InfoSec Strategies

What McDonald’s Can Teach Us About Information Security

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Last Updated on June 18, 2010

I spoke this week at an event where I was discussing how globalization is impacting information security and used the McDonald’s at the Louvre in Paris as a very sad example of how we are unfortunately losing our regional cultures. On the plus side, that same McDonald’s and the 31,000 other McDonald’s around the world can teach us a lot about information security.
As a person who enjoys dining and tries to eat healthy – I’m not a really big fan of eating at McDonald’s.  That being said, I’m amazed by any company that can feed 47,000,000 (that’s million!) people per day in 31,000 restaurants across 120 countries and have their dining experiences all be so remarkably consistent.  When you consider the cultural differences, supply chain logistics, and the fact that over 1,500,000 employees are involved in the process … it’s an incredibly remarkable feat (especially when you consider that the vast majority of their employees don’t have a lot of education).  How do they do it?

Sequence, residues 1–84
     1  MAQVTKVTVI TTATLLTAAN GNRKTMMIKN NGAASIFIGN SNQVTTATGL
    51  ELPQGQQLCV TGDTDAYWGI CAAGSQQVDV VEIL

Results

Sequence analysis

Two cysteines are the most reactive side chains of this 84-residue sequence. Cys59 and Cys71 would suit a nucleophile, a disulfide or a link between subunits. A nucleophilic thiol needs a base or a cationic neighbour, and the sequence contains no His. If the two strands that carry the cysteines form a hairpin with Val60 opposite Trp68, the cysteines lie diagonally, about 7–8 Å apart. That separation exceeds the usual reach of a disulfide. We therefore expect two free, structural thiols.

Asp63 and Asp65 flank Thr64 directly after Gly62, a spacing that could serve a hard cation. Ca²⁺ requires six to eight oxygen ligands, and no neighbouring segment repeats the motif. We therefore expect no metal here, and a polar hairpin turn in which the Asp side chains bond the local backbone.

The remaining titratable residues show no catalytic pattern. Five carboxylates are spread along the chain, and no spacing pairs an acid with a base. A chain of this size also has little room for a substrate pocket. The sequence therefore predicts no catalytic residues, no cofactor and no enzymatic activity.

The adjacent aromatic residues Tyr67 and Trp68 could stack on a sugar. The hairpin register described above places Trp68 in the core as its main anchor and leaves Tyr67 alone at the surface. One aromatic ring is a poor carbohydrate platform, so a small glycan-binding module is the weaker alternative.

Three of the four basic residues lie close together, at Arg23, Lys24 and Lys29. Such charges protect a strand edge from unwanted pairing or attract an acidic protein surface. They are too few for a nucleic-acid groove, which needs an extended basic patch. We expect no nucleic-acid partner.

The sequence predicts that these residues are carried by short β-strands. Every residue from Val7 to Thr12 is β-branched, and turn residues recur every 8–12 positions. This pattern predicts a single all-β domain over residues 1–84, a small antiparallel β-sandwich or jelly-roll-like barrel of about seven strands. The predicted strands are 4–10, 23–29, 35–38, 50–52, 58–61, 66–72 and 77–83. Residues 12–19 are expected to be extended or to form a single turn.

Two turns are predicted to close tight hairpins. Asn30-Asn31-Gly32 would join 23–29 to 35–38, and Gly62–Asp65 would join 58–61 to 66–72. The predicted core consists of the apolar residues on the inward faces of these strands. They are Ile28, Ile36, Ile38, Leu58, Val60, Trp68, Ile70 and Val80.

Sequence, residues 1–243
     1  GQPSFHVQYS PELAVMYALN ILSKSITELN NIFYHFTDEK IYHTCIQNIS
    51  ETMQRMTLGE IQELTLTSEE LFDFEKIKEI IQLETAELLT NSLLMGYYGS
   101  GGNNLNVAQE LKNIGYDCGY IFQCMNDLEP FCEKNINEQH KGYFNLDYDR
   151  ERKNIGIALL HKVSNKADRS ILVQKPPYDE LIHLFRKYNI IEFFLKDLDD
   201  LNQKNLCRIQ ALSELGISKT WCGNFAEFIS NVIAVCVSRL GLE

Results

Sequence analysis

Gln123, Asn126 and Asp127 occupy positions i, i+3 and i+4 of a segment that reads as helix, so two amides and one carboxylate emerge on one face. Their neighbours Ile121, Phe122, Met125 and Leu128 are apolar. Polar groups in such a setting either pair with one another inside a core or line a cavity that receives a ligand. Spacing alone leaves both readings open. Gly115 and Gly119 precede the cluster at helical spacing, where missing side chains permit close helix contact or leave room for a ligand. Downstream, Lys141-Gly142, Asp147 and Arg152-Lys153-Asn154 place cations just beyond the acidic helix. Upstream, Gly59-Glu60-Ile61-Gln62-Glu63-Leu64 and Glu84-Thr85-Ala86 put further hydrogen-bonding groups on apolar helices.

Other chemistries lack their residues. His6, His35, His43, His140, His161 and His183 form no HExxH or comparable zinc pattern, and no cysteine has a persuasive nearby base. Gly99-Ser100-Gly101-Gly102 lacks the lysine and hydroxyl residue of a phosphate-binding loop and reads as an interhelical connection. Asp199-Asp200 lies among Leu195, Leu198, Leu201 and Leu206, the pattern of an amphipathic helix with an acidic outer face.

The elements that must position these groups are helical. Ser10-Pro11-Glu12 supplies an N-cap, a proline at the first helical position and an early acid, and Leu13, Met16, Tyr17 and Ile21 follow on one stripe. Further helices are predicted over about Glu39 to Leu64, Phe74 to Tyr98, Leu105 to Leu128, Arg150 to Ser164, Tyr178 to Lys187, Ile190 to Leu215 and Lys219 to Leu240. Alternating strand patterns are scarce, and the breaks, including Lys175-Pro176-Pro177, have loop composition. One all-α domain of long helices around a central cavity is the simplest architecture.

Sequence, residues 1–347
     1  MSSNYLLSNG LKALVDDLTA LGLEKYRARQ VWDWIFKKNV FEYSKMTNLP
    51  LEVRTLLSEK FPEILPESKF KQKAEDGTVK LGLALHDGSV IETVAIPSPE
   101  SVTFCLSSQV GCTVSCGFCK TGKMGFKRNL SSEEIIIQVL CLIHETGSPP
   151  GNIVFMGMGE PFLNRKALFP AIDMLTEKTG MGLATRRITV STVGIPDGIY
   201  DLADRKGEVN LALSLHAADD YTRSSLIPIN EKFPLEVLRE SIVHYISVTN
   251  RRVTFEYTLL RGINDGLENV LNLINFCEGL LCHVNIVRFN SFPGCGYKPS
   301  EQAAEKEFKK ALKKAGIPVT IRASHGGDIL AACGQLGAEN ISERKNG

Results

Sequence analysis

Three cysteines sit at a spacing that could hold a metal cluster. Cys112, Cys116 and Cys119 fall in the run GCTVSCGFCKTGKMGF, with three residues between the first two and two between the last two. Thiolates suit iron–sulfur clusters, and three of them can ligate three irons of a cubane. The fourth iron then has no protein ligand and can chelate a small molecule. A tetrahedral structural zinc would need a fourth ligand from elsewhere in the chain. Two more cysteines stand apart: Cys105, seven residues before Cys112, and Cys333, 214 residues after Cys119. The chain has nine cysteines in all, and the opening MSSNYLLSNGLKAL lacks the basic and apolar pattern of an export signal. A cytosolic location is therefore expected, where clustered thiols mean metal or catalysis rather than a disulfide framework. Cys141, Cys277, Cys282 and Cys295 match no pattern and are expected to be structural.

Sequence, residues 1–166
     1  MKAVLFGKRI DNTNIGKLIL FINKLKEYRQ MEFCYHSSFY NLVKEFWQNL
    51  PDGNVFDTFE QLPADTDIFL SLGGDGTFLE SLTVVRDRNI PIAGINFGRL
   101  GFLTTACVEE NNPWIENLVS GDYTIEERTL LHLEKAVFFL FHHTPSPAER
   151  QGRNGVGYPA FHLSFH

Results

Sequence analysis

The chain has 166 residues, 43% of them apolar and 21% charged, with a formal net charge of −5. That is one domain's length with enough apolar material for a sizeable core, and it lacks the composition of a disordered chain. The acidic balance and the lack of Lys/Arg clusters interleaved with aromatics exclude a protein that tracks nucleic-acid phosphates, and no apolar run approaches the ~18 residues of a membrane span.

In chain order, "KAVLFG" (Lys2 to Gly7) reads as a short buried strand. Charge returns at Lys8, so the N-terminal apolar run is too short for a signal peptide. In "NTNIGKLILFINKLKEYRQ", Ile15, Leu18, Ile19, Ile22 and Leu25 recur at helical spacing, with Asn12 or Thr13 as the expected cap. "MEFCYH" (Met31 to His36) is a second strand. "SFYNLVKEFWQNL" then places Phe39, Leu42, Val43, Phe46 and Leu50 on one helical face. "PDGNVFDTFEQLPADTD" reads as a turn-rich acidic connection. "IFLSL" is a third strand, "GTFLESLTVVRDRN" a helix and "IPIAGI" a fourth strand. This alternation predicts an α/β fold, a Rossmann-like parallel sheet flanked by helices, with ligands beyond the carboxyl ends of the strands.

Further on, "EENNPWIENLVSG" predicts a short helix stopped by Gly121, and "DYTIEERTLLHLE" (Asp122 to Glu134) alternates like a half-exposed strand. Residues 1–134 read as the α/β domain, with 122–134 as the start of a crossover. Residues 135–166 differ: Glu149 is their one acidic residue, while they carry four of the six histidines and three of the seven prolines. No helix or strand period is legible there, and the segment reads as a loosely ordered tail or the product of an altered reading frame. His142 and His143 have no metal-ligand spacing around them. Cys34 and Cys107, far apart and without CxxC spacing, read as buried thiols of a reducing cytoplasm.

McDonalds has developed nearly flawless, continuously improving, systems for EVERYTHING.  How burgers are cooked, the way the combo meals are packaged, the ratio of ice to soda in each cup, nothing is left to chance.  They have identified every possible process that could be systematized and then they’ve gone through the process of creating, documenting, implementing, and continuously improving each of those systems.  So what does this have to do with information security?  Everything.
We would all significantly benefit from developing an Information Security “playbook” like McDonald’s has for their business that defines the “system” that we need to put in place and the information security processes that we need to operate and optimize.  Fortunately, the basic framework exists: ISO-27001.  It’s an Information Security Management System supported by ~ 134 key processes (ISO-27002) that an organization needs to account for when securing their information and critical processes.  Better yet, it’s a system that has already been vetted by thousands.
So the next time you are struggling with the challenges of knowing you’re secure and proving you’re compliant … think about McDonald’s.  Is your challenge more daunting than serving 47,000,000 people every day in  31,000 restaurants in 120 countries?

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